“Well, it wasn’t a torrential downpour,” Bev said. “And as long as there’s no lightning there’s little danger.”
“Yeah, but it didn’t do much for the humidity,” Sedona said. “It feels like a bathhouse out here.”
“Yeah it’s always like that in the summer. Especially when it’s just a short storm like that one. We call that a Georgia Quickie.”
“Oh, yeah?” Sedona said. When that didn’t prompt Bev to elaborate, she said, “Okay. I’ll bite. What’s a Georgia Quickie?”
Bev glanced ahead to make sure the kids were out of earshot. She leaned closer so only Sedona could hear. “Barely enough to get you wet and just enough to keep you hot and bothered afterwards.”
This is an excerpt from the epic post-apocalyptic thriller, Nero’s Fiddle.
I would like to tell you from whence the inspiration came for this book.
As a lifelong writer, I am also a lifelong reader.
I began listening to audiobooks while working as a data entry operator. Though I doubted I could concentrate on listening and typing at the same time, I soon realized that the mindless drudgery of typing repetitively didn’t require that much effort from my brain. My fingers did all the work.
It was while listening to William Forschten’s One Second After the inspiration came to me. It was about an electromagnetic pulse (EMP) attack and how the people of Black Mountain, North Carolina dealt with it.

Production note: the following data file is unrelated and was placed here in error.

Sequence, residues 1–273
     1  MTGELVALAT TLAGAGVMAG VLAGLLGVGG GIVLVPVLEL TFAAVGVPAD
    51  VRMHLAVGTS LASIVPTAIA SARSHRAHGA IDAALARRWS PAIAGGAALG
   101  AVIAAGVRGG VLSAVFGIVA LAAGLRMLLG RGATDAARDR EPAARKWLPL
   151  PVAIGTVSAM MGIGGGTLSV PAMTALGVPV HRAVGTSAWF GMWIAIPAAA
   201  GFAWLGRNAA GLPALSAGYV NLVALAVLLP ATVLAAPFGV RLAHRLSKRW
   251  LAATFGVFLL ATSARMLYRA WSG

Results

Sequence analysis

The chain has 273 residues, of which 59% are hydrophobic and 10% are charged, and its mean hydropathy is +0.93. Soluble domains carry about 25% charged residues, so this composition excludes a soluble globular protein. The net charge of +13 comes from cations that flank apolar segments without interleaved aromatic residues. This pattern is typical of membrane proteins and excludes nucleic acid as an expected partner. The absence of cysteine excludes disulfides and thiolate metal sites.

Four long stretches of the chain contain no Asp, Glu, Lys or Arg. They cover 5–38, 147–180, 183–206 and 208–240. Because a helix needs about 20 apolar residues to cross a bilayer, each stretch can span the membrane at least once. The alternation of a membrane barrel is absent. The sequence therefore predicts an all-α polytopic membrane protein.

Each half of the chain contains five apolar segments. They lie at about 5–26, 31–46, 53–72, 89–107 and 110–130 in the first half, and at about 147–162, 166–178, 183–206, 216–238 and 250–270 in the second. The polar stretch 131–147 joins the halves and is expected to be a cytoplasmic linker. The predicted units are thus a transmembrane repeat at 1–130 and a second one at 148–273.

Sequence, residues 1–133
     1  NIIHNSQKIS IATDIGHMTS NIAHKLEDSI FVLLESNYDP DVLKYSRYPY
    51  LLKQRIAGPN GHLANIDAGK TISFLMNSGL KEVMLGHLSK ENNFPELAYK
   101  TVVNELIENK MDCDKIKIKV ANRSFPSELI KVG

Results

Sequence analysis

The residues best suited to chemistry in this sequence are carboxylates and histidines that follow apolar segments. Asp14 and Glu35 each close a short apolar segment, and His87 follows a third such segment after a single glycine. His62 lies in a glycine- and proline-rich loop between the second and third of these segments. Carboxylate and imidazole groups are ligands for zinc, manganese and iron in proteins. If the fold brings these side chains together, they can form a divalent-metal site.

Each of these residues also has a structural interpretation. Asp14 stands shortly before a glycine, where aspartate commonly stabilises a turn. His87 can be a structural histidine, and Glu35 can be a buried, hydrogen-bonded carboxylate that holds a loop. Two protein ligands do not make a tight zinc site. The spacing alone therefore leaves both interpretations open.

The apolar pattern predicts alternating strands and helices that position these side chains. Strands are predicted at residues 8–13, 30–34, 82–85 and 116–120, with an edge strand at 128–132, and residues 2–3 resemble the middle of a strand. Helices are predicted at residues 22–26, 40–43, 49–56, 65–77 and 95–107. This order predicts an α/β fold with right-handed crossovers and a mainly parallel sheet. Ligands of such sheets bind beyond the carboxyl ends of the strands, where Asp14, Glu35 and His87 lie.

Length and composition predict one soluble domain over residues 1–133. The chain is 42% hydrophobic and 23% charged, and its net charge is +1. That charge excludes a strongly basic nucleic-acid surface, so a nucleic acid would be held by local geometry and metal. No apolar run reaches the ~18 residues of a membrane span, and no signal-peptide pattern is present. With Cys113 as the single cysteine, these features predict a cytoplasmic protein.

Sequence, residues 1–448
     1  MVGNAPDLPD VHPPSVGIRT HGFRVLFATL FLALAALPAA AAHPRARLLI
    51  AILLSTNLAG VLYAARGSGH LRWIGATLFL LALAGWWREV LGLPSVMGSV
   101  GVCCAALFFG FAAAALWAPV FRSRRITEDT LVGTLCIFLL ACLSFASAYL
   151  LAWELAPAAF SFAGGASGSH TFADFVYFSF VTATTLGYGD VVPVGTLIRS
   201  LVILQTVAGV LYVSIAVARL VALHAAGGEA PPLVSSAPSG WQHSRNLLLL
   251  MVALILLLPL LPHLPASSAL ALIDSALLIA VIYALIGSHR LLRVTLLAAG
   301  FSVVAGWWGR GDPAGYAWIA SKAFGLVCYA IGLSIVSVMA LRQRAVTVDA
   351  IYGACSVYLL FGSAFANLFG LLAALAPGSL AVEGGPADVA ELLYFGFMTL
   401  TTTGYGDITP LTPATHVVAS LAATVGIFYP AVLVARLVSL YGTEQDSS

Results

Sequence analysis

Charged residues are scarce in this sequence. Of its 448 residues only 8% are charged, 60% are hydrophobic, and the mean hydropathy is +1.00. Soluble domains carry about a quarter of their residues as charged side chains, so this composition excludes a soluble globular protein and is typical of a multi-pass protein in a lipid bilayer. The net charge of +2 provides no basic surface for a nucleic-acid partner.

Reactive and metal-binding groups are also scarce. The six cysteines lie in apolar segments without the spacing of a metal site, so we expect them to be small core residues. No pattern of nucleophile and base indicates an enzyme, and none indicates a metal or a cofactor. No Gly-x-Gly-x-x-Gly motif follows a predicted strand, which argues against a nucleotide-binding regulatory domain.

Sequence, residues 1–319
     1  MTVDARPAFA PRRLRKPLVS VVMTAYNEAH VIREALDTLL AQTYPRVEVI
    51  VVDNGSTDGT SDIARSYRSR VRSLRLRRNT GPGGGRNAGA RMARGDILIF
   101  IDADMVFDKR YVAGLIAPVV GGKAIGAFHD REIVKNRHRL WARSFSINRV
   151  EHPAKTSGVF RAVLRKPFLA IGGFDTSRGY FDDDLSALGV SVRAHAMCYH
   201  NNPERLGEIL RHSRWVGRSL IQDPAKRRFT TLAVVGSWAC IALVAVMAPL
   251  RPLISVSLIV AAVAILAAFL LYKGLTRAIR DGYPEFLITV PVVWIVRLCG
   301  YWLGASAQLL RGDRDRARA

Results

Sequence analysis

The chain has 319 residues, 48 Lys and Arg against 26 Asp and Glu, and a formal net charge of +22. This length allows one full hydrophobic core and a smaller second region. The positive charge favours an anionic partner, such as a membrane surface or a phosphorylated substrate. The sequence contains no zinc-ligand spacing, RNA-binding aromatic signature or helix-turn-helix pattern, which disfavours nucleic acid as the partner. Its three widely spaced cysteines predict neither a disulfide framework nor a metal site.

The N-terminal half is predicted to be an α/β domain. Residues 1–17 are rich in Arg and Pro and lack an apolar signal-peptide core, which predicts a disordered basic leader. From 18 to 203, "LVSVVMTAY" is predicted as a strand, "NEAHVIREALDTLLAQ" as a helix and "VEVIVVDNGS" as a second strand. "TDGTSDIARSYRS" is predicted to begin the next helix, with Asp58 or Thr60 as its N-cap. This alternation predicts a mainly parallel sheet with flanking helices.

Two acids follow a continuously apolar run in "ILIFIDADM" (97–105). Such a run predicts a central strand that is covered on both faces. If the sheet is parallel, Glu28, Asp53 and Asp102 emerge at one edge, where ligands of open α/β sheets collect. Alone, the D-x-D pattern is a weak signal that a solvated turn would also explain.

At first, I thought an EMP was only a thing of science fiction. It was featured in the movie The Matrix and I thought it was something of someone else’s imagination.
I made the mistake of Googling it. To my horror, it is a very real thing and a distinct possibility.
I had to stop listening the first time because there was a part in the book that I just couldn’t handle. If you’re an animal lover, be forewarned.
But the subject matter of the book haunted me, until I relented and listened to it. Several times.
Each time I listened, I visualized and EMP story of my own. One that featured women heroes with some action.
The more I visualized it, the more that ol’ writing itch began to bother me. If you’re a writer, you know what I’m talking about. That overwhelming compulsion to get started on a story while trying to resist in order to allow your subconscious to work on it to make it more coherent.
Yeah, that’s the one.
Before I began writing Nero’s Fiddle, I knew it would be one of those all-consuming projects: a project that comes before laundry, sleeping, or eating.
I wrote during my breaks at work. I wrote on the commute to and from work. I stayed up late, got up early, took a notepad with me to the laundromat.
For eight months, I breathed, ate, slept Nero’s Fiddle.
I carried on entire dialogues with myself before writing them down, much to the entertainment of my cats.
When all was said and done, I felt I had completed a book of which I can be proud. And I am.
But here is my point: inspiration for a story idea can be found everywhere. Literally.
From the six o’clock news to a song on the radio to a movie, or another book.
I wrote another book, Project Moreau, from a combination of a story I heard on the six o’clock news and the book, The Island of Dr. Moreau, hence, the title, and a story written by a friend.
No copyright infringements. Ideas cannot be copyrighted. No plagiarism as long as you use your own words.
So, pay attention. You never know from where your next inspiration will come.